The Armenian government has called for an extraordinary parliamentary session to discuss the deteriorating economic situation.
The parliament is set to hold its last meeting of the spring session on June 12 but the government called for a special session for June 18.
The government said the special session will discuss urgent issues aimed at bringing significant changes to the economy.
"Some legislative packages on stimulation of small and medium business, tax discipline will be discussed in the special session," the government reported.
Armenia's economic panic is quiet understandable, as not only the international organizations, but also the country's Central Bank keep downing the economic growth forecasts in 2014.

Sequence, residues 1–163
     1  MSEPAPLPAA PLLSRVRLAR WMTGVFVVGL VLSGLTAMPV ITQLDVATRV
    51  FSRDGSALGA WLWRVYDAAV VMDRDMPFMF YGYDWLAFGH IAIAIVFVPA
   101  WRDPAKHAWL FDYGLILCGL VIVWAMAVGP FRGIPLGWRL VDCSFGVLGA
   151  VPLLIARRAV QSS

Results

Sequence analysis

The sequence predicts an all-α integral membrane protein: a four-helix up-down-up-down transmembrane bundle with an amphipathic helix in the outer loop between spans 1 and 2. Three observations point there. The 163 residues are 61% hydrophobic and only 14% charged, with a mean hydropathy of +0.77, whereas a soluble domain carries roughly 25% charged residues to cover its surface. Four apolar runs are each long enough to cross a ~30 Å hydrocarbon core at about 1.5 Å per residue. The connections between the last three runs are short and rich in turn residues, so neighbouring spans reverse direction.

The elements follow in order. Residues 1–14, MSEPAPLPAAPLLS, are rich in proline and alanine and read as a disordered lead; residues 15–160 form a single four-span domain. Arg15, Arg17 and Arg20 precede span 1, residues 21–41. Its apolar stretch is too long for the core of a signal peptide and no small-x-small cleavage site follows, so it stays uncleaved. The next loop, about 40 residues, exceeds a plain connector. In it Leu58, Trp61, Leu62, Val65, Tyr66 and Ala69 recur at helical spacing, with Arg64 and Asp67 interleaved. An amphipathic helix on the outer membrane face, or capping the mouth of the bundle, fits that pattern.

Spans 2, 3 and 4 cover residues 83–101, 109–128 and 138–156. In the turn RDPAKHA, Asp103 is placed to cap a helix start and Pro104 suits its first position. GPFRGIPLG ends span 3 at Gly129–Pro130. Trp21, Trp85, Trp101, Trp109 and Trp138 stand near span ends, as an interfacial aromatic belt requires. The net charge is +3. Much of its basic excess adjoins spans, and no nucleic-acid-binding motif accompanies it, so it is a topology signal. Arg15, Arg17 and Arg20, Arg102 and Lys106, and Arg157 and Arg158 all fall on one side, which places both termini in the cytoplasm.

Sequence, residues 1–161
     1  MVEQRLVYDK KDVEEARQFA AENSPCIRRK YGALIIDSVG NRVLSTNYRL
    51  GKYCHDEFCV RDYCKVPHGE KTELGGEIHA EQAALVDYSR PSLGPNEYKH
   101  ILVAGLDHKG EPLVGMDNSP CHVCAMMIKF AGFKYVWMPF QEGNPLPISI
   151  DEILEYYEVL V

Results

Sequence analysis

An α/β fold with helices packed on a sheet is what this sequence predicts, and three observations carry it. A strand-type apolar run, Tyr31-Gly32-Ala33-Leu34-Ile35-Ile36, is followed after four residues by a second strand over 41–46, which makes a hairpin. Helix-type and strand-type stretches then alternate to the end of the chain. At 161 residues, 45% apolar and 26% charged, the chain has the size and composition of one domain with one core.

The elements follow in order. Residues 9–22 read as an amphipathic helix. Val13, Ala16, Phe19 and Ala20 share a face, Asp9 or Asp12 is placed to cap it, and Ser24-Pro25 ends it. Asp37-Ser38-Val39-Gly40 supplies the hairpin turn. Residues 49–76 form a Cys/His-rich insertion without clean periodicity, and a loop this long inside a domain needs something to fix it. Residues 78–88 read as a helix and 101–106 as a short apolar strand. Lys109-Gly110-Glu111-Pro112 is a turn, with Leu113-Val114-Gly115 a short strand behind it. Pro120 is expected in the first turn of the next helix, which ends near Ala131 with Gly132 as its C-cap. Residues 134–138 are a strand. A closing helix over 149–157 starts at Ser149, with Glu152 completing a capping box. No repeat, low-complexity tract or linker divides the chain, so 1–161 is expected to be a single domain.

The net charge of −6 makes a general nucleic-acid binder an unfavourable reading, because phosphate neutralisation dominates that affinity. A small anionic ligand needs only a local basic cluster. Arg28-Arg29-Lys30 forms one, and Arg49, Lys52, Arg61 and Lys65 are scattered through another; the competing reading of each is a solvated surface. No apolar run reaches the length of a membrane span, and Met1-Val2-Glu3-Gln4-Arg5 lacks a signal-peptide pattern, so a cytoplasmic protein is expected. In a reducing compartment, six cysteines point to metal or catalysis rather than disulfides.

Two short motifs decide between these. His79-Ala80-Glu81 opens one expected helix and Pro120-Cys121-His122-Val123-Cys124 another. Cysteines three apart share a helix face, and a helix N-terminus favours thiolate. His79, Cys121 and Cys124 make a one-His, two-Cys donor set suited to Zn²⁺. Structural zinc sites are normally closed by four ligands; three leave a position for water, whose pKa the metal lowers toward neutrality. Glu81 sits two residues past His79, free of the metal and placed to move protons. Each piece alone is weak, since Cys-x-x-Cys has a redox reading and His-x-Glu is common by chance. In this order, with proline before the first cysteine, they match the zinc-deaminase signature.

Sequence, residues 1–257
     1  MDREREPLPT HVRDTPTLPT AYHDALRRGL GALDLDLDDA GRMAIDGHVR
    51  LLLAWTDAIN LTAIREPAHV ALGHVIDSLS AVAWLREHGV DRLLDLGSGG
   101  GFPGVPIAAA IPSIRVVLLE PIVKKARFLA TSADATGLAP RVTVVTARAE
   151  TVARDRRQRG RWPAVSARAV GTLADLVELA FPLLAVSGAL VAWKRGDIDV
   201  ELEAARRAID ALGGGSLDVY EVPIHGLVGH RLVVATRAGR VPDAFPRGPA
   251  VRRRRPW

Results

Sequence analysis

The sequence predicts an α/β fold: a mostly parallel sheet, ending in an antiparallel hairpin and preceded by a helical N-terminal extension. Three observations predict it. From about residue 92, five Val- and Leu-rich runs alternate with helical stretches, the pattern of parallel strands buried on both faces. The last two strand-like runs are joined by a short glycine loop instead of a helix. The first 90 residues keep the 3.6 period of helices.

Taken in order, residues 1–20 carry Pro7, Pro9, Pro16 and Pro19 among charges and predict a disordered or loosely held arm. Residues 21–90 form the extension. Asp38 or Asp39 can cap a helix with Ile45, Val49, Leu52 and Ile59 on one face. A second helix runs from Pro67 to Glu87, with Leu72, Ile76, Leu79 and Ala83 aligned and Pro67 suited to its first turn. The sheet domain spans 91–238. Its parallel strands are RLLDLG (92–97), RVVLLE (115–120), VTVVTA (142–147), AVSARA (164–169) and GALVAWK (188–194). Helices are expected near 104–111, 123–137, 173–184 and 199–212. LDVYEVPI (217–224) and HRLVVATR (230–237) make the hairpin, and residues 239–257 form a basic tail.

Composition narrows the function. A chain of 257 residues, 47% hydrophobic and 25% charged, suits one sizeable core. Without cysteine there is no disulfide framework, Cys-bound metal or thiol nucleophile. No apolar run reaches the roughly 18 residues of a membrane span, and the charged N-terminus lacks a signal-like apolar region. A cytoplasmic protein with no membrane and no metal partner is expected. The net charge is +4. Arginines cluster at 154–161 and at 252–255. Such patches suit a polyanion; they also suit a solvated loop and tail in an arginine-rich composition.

The Armenian Central Bank recently reduced economic growth forecast for the country in 2014. The economic growth is now expected at 4.1-4.8 percent in 2014, against projected five percent. The bank linked the reduction with an indefinite situation in Armenia's external trade partners and decreasing of demands.
The International Monetary Fund (IMF) recently once again slashed economic forecast for Armenia.
IMF experts believe that the Armenian new government is not capable to ensure the projected five percent economic growth in 2014.
"The growth rate will be lower than 4.2 percent," IMF Resident Representative in Armenia Teresa Daban Sanchez told local media.
Armenia achieved a 3.1 percent economic growth during the first quarter of 2014, which is almost twice less compared with the same period of 2013, when the economic growth was 7.1 percent.